Love Story for the Land
“I fell in love with this place when I fell in love with my husband. He’s been in love with this place since he was a little boy.”
Together, Elizabeth and Michael Drummond have many years’ worth of fond memories of their land: 236 acres surrounding the pristine Ungers Lake in Wayne County, PA. Michael brought Elizabeth here for the first time in 1967, just two weeks after they met—his parents and grandparents had both rented homes on the adjoining Lake Florence, and his parents were working on building one of their own. Michael’s family had first started visiting the lake in the 1950s, and he and his brothers spent their summers fishing the lake and roaming through the woods.
The Drummonds purchased their current vacation home from Michael’s parents in 1981, and in 2015 acquired their additional acreage around the adjoining lake from the Unger family, the first generation of landowners who had owned the property since the 1840s. Though it was known in the community as Ungers Lake, it was never officially registered as such—and the surviving member of the family that sold them the property told the Drummonds that her grandfather had called it Lake Elizabeth, as it has now been officially registered. Elizabeth describes it as a “dream come true.”
While their two children were growing up, the Drummonds would visit their lake home every other weekend—even wintry weather wouldn’t stop them. At that time, they were the only winterized house on the lake, and they would snowshoe in, pulling their kids on the sled and taking their snowmobile over the mountain and into town when they needed to.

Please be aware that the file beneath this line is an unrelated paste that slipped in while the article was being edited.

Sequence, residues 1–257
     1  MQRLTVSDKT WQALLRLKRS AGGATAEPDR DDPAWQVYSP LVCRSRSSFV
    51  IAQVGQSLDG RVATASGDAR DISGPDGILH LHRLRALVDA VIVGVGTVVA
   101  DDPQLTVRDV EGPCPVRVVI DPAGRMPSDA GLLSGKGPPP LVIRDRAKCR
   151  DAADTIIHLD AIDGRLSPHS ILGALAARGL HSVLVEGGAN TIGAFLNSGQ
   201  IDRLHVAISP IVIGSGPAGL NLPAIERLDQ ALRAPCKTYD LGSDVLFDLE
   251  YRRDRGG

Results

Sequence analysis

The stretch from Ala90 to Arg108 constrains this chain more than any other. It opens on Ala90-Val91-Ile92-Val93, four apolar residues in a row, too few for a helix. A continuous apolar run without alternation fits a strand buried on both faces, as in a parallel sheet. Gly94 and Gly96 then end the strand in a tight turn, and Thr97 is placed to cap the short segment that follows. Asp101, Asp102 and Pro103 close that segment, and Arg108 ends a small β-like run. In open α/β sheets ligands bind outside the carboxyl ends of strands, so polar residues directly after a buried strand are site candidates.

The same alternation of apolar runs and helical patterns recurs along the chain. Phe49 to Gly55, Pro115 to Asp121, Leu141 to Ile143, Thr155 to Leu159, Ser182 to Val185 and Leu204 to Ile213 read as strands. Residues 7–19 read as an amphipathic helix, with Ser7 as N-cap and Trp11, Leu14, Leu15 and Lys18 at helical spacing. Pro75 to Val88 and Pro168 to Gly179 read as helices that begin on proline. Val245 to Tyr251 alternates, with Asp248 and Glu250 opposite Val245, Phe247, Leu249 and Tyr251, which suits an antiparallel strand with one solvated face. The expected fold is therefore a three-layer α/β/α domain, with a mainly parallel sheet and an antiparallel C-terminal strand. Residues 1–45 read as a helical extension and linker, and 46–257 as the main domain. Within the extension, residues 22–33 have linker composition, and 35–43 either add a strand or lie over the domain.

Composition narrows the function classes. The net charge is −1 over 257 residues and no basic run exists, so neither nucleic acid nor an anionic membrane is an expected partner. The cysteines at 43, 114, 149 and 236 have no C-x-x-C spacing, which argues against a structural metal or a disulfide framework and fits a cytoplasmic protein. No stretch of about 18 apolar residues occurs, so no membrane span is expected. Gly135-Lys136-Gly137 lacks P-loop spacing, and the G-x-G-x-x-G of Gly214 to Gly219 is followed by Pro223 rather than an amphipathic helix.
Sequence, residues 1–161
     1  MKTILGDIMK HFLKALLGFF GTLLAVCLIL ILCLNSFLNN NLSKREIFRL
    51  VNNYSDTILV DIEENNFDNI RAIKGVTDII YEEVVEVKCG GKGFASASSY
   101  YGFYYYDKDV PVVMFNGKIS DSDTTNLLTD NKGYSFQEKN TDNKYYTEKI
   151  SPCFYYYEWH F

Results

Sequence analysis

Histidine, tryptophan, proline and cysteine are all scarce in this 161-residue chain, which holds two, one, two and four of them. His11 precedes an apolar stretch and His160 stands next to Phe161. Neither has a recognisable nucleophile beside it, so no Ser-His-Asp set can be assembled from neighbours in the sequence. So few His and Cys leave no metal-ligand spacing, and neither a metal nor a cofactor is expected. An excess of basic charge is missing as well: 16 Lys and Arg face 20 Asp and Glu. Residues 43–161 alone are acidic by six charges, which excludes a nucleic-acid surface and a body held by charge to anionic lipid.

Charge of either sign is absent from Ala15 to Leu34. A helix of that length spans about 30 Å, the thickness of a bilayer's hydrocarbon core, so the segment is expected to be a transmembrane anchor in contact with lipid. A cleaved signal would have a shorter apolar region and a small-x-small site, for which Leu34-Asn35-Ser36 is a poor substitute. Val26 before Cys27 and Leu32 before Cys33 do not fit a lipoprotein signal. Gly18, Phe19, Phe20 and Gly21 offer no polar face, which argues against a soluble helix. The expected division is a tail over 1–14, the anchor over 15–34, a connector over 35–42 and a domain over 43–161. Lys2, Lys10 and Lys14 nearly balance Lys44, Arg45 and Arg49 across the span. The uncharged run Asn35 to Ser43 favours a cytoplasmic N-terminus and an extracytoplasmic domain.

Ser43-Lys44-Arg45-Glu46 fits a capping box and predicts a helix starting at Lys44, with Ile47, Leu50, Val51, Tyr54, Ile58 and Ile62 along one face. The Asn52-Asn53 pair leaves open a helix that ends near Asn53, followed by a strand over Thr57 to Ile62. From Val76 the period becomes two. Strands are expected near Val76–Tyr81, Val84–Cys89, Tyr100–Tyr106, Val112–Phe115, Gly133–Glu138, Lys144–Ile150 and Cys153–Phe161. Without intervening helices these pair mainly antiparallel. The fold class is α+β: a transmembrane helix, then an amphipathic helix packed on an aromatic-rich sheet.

Their grandchildren are now carrying on the family tradition. “We offered to take them to Florida for Easter, but they want to come here,” Elizabeth laughs. “Whatever the weather, the kids go crazy for it. They learned to ice skate here, we cross-country ski—and I can’t tell you how many miles we’ve walked around the lake. It’s wonderful, having the family love this place as much as we do.”
It was this love for their land that drove them to work with the Delaware Highlands Conservancy to permanently protect it. They felt strongly that they wanted to keep the property forested, and reserved only a small portion to build a home for their family to visit. “The man who sold it to us couldn’t believe we weren’t going to develop it,” Elizabeth explains.
Because of the land protection agreement that is now on the property, it will always remain forested—protecting the pristine water quality in the lake, and providing important habitat for wildlife. The water that drains from Lake Elizabeth eventually flows into the Lackawaxen River and to the Delaware River. The lake is especially unique because it’s not fed by a stream, but by a wetland—and the berry bushes that surround it make it a haven for black bears.
About the land, Elizabeth explains, “We don’t want to change it. We don’t plan to clear any more than we need to. Not every tree needs to be pretty—the animals like them that way. They need them.”
For the Drummonds, protecting their land provides the assurance that as future generations of children and grandchildren visit their property, they will still be able to swim and fish in the same clean waters, explore the woods, and create their own special memories.